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73294681-8865-471C-BD31-9183956D91C9It seems like a long time ago now that we, make that I, reclaimed Christmas.  I don’t expect that the winter holidays will always be perfectly smooth but our last Christmas and then New Years cruise seemed to reset my holiday clock better than anything else.  Distinct differences and concrete plans worked miracles.  Prior to last year, I was not only missing our pre-death holiday ‘routine’ but also missing the friends with whom we shared many thanksgivings and a few Christmases—people and plans I thought would never change.  Then there was change.  Ah, embracing those Noble Truths.

Last Friday, another holiday clock ‘got’ reset— Passover.  David and I enjoyed hosting seders since before we were living together.  How many years ago was that? (Only Jan knows.)  Our seders evolved and sometimes disappeared while we were in school or traveling.  When we lived on Washington Boulevard in Indy, we had room for big parties and we indulged.  I don’t remember when David started writing our Haggadahs or when we began expecting Cheshire to play or write something for the celebration.  We cooked, many times for days.  I think it was the only time I’d take a day off work to get ready.

Since David died, Julia and I usually go to FUS  for a Unitarian Seder. In other circumstances, we might have been invited to friends or relatives houses for the first or second night of Passover, but we did not establish any of that during our first three years in Madison and I didn’t feel comfortable asking for invitations later.  This year, the planets did not align and there was no Unitarian Seder.  I started thinking.  The first and second night of Passover were squarely in spring break.  We had the chance to visit friends and most of the people I wanted to invite to a seder were not going to be home on those first two nights.  But almost everyone was free for the last night of Passover.

And I found haggadot.com, where I could cut, paste and edit my own first Haggadah which I titled, “The Shika’s Haggadah.” With the help of A, the living room was clear out for tables and 13 places. Table clothes long idle were ironed, silver candle sticks polished, a menu planned, I cooked the main course and guests brought sides.  And on Friday evening, we gathered, read, drank wine (and a lot of grape juice), ate and chatted.  It was very lovely, reminding me of our past, nudging me into a future.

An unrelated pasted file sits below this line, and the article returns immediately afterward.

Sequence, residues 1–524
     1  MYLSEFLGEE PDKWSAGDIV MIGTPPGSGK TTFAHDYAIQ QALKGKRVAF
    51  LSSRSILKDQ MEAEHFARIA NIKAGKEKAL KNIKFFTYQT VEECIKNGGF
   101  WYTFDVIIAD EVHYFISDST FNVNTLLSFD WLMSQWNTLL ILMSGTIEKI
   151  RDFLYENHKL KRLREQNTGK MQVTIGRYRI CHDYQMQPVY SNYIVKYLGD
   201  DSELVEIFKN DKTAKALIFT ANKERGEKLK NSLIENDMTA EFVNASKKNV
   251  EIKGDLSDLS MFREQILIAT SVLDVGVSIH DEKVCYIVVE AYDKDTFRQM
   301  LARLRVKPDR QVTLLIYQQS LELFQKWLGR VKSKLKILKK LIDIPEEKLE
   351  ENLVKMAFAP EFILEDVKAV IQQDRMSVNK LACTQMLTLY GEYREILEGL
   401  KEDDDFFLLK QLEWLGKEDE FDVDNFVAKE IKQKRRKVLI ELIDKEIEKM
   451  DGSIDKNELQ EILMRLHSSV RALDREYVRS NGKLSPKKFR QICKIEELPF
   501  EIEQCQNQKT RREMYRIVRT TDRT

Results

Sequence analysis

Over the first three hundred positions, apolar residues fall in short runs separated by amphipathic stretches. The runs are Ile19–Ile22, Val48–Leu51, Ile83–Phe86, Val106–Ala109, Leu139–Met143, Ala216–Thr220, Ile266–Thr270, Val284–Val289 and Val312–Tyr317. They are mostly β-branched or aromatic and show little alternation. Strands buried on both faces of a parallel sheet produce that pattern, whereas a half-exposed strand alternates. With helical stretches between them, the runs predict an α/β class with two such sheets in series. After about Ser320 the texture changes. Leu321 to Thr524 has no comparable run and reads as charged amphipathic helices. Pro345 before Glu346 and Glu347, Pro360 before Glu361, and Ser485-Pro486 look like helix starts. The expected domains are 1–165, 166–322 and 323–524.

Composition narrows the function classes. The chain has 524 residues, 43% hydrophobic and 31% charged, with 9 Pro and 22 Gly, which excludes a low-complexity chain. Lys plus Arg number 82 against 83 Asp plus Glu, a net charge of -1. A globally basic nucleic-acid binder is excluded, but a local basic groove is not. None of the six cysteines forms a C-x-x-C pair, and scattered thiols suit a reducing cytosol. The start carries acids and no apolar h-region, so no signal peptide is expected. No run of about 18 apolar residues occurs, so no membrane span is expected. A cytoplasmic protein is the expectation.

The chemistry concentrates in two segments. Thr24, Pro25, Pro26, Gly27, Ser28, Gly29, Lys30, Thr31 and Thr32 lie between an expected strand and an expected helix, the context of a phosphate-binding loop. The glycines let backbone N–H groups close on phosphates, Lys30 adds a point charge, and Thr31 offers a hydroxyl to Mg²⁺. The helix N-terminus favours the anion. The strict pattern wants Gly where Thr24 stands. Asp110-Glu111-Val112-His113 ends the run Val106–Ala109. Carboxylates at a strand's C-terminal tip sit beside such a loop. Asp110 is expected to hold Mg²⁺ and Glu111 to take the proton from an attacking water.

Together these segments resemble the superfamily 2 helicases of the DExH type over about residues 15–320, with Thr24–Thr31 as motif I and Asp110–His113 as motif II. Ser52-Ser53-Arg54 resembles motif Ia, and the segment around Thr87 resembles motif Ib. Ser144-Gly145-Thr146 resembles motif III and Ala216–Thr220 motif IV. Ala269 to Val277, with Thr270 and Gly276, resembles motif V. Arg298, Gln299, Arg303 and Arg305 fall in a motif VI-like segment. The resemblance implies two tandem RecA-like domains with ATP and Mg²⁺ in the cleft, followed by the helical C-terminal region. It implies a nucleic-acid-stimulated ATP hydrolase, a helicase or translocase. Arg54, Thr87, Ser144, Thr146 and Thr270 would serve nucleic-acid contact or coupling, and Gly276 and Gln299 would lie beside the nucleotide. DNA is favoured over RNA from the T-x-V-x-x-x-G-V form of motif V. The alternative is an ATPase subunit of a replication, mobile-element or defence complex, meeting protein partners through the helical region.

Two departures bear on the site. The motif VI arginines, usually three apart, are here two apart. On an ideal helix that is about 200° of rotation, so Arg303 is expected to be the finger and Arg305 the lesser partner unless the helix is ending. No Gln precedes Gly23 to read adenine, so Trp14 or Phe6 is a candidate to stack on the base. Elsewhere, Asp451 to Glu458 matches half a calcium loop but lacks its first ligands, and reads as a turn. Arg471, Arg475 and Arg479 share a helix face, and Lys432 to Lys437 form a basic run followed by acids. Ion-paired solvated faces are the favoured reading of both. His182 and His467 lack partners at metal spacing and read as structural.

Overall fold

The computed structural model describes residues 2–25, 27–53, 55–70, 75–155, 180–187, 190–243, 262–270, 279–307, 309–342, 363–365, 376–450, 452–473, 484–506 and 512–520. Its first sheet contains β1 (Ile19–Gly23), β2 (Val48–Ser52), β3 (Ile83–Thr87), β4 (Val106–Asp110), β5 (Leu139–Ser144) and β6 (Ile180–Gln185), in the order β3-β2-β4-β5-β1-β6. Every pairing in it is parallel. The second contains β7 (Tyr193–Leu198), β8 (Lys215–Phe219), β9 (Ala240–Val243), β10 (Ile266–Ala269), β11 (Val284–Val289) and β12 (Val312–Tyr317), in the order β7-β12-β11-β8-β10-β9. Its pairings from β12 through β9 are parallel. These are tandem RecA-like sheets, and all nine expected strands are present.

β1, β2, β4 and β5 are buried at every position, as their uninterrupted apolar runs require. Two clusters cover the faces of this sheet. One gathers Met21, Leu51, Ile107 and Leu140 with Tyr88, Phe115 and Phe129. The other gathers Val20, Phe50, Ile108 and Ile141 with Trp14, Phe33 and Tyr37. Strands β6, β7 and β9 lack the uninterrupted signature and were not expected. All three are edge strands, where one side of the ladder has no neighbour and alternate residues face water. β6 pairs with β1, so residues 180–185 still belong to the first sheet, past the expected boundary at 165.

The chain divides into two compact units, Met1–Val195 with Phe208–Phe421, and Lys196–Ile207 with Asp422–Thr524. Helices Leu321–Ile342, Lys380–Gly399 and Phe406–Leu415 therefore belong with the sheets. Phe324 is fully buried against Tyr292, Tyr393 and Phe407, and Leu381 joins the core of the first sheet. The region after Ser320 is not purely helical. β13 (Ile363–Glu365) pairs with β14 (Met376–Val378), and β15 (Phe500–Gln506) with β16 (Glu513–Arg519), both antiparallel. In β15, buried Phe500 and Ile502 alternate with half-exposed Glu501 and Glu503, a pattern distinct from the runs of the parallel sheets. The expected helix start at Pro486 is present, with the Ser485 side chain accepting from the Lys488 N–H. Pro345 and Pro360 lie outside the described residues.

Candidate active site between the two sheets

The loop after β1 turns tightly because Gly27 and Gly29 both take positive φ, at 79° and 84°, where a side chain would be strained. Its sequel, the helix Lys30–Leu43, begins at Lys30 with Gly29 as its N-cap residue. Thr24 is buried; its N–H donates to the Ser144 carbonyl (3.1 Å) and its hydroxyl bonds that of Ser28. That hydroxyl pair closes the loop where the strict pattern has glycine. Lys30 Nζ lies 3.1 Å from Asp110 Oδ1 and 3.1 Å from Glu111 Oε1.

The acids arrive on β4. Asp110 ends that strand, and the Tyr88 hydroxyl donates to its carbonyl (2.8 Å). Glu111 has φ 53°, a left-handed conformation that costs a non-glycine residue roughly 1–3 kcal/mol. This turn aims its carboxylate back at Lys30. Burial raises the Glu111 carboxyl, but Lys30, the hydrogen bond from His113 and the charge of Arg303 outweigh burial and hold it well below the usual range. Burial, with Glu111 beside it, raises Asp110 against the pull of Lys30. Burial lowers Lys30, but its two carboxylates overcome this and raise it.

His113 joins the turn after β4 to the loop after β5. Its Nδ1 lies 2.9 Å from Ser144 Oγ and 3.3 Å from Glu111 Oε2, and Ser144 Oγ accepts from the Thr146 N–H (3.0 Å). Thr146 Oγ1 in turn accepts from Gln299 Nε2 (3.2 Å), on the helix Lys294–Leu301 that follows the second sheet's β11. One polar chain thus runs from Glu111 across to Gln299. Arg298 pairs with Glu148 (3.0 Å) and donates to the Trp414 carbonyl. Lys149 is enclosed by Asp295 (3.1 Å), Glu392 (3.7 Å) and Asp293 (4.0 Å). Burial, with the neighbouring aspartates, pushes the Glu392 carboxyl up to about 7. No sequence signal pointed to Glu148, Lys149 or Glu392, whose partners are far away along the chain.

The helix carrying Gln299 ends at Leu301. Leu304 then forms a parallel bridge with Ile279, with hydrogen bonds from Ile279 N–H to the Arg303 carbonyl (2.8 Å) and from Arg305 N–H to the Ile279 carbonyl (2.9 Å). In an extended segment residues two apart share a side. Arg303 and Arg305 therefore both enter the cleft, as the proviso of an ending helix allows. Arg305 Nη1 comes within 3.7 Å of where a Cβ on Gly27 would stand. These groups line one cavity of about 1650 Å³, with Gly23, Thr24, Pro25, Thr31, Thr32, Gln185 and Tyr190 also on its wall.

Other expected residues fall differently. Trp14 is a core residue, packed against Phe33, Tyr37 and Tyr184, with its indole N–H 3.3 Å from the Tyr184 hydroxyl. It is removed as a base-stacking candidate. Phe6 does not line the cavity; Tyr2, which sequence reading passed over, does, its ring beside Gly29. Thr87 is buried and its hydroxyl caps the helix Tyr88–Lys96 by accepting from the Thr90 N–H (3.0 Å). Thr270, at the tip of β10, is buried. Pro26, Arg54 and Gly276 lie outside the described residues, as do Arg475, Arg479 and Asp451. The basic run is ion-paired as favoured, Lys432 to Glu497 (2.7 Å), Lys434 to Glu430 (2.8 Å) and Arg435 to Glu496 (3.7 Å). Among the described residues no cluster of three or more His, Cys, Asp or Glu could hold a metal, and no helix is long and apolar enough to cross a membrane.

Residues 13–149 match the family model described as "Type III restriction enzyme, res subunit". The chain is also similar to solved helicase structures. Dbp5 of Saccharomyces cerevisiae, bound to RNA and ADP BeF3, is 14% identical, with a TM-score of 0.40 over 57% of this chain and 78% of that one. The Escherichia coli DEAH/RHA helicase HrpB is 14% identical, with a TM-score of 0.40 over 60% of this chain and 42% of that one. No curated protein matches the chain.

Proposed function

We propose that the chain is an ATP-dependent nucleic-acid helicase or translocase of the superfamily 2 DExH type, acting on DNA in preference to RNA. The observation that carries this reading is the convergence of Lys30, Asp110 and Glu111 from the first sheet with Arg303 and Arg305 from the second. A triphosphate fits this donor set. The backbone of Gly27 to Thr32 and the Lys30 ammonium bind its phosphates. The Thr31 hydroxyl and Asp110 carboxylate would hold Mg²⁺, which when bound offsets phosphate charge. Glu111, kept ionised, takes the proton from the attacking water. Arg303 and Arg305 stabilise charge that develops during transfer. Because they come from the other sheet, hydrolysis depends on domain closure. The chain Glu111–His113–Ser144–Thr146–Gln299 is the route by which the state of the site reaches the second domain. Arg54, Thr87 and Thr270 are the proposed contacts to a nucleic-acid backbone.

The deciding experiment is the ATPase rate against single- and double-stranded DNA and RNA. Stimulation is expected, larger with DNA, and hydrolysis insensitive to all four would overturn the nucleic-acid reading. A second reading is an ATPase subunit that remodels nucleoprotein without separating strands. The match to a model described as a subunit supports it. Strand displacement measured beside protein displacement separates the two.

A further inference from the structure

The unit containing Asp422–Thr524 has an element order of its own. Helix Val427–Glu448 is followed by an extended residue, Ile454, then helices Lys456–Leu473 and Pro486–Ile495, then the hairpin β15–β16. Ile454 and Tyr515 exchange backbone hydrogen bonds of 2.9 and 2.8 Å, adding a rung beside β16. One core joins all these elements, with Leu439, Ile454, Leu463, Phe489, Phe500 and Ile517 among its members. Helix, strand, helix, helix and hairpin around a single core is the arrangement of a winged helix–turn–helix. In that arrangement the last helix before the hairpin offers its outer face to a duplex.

During the weekend, I was somewhat exhausted and very full of contentment.

The week our Seder before was the week of Spring Break.  We started the week at home.  Julia had assignments from her drawing class and her photography class.  She also needed to work on her photoshop skills.  We had a good deal to work on.

Julia does well in art but she is not self motivated when it is not completely of her own choice.  It is something I worry about.  Ok, it is something I’m always worried about.  Will I always play Annie to her Helen spelling the appropriate activities and goals an into her hands.  What if she never . . . I am still making sure assignments are done, that projects are scheduled in a way she can do them.  I wake her up and tell her when to go to bed. When peers are wondering about summer jobs, Julia is hoping for more LEGO time. I am a broken record! And the worrying does no good.  I am ok day-to-day, it’s just looking down the road that’s tough.

Her drawing assignment was to copy four pieces of art.  Three needed to include faces, one included a body and the last was her choice.  She had no interest in the choosing but was very willing to draw what I chose.  So, I decided she needed to copy three distinct artists and I chose daVinci, Mary Cassatt and Amy Sherald. She  chose the fourth picture, cranes that were part of an email sent by a friend.

These are first portraits after a few weeks of drawing noses and eyes and mouths.  I see potential.  The way she copied the Sherald is interesting, making the head bigger like she does when she draws anime figures.

Julia is still working with Donalee Marcus. The series of packets Julia is finishing up have become relatively easy and are giving way to much harder visual series puzzles.  I need to sit with her to get just a few each day finished. Some are so hard that I can’t figure them out. I am trying to give her a process but what I can suggest is only my wobbly working through. I am not her kind of visual person, I don’t know if she will eventually take in my process or find one of her own although after a week of leading her through, she is quicker at commenting about changes in series.

Donalee’s visual puzzles strength Julia’s brain and help her  with socialization.  Watching Julia last night walking around a possible new school and engaging people in conversation is rather astounding.  She would have never done such a thing a year ago before we began working with Donalee.  Julia’s social bidding doesn’t always make sense and her social filters are almost nil.  Thus, there needs to be a maturing of her skills.  I remember Cheshire walking around an adult party when she was in her 2’s, stopping at each person engaging them verbally.  She seemed to have an inner knowledge of relationship.  Is a similar inner knowledge being awakened in Julia?  We have a lot of work to do to mature that social impulse.  The rate of half truths, exaggerations and sometimes expletives when she is angry has likewise increased.  Filter, filters! I hope we come upon some exercises for that.